Chao Chiung Lee oral history interview and transcript
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AuthorLee, Chao Chiung
This recording and transcript form part of a collection of oral history interviews conducted by the Chao Center for Asian Studies at Rice University. This collection includes audio recordings and transcripts of interviews with Asian Americans native to or living in Houston.
Chao Chiung Lee, more often referred to as C. C. Lee, was born in Hainan, China in 1949. He and his parents fled from Hainan Island in February, 1950 as the People’s Liberation Army approached, to Taiwan, where he was raised. He graduated from Tunghai University with a B. A. in architecture. After two years of mandatory military service in the Republic of China Army, Mr. Lee was enrolled in a graduate program in architecture at Washington University in St. Louis with a $5000 scholarship. Upon finishing his Master’s degree, Mr. Lee first worked as an architect in training in Springfield, Missouri. He moved to Houston, Texas in 1979, and worked for Lockwood Green Inc. as a project architect. In 1983, he quit his job and started his own company, STOA, which stands for Superb Team of Architects. Under Mr. Lee’s leadership, the company has become a major player in the architectural industry in Houston, Texas. Recently, after several major mergers, STOA is increasing its global influence by setting up offices and franchises in China, Vietnam, and Nigeria. C. C. Lee became a U.S. citizen in 1980, and he has been living with his family in Bellaire, Texas for the past twenty-four years. An active participant in the Asian American community in Houston, Mr. Lee served as the president of the Houston Asian Chamber of Commerce. He is also the current president of Houston Chinese Chamber of Commerce, U.S.-China People’s Friendship Association, and Houston Feng-Shui Institution. Although he spent the majority of his life in the U.S., C. C. Lee considers himself a Confucian. He also retained many of his Chinese habits such as playing mahjong and drinking tea.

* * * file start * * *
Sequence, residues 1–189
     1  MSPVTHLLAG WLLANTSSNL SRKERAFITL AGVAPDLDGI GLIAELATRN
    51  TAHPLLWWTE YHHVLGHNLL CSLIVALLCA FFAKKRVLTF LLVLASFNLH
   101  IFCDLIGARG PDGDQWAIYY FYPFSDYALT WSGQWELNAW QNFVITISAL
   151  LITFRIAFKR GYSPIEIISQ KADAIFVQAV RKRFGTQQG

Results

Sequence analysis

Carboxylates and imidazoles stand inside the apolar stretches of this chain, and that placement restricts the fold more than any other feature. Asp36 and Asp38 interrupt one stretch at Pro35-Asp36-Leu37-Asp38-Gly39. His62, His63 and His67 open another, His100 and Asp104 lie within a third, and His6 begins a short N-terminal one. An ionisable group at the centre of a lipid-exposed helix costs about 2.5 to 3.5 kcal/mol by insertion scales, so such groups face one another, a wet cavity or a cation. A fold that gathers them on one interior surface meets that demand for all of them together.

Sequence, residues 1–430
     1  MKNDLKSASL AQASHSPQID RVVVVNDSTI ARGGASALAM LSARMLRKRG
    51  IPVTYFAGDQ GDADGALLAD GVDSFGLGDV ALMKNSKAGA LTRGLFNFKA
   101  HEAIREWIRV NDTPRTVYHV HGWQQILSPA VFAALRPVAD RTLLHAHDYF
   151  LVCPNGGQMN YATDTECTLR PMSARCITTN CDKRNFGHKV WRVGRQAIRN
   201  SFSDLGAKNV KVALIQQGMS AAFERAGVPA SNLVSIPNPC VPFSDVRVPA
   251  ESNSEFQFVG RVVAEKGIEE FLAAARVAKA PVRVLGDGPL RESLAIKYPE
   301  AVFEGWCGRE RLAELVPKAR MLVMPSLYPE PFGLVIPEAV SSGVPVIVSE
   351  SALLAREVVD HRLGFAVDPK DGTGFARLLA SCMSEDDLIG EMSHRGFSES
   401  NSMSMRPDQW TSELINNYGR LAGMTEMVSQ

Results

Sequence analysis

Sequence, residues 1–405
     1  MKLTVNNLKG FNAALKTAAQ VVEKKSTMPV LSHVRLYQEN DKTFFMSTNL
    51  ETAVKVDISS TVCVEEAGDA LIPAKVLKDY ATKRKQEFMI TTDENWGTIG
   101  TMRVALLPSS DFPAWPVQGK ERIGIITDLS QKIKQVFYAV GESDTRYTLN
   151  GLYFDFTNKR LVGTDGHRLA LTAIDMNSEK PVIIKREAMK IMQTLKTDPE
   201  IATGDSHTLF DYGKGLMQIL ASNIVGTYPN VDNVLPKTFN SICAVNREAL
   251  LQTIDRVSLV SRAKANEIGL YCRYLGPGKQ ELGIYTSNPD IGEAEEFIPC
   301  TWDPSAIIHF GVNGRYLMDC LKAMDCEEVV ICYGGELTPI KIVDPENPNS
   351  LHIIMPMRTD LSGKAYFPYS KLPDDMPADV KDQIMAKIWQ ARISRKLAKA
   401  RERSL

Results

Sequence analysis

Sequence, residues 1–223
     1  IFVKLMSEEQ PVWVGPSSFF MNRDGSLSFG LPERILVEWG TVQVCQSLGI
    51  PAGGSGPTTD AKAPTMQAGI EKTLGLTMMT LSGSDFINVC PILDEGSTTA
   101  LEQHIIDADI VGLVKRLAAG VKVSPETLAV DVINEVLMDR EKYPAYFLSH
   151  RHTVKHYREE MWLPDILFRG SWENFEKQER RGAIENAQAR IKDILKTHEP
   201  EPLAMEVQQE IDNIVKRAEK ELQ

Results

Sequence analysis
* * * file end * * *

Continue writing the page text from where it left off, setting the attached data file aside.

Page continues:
bilingual; Confucian values; political participation; language; social activities
Citable link to this pagehttp://hdl.handle.net/1911/72188
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